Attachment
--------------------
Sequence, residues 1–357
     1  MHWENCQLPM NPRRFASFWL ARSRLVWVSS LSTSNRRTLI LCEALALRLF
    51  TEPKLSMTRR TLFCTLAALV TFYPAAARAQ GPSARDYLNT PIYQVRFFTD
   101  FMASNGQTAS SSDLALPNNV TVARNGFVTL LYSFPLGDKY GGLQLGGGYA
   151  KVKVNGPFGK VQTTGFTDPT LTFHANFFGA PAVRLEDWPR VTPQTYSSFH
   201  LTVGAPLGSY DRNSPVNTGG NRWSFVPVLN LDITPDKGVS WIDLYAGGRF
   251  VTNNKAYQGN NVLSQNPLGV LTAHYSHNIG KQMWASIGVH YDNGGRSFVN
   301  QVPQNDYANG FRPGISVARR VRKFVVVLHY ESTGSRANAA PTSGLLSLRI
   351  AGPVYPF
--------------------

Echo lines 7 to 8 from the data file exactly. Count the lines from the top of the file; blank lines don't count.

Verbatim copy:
   251  VTNNKAYQGN NVLSQNPLGV LTAHYSHNIG KQMWASIGVH YDNGGRSFVN
   301  QVPQNDYANG FRPGISVARR VRKFVVVLHY ESTGSRANAA PTSGLLSLRI